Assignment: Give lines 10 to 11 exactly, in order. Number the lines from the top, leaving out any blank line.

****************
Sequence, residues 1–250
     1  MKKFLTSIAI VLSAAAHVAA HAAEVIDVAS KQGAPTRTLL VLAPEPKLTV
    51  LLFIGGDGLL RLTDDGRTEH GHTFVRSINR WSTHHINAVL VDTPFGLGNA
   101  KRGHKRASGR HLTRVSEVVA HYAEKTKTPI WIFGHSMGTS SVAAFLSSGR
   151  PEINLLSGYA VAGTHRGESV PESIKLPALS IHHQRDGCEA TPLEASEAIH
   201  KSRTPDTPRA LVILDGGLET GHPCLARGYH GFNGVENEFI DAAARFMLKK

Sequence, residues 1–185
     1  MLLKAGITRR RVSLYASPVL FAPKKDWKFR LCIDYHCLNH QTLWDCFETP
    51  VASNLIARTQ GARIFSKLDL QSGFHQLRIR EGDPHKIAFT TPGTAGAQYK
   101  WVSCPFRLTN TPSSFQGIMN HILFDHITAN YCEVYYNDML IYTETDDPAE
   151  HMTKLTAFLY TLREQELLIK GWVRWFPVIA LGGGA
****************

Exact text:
   101  WVSCPFRLTN TPSSFQGIMN HILFDHITAN YCEVYYNDML IYTETDDPAE
   151  HMTKLTAFLY TLREQELLIK GWVRWFPVIA LGGGA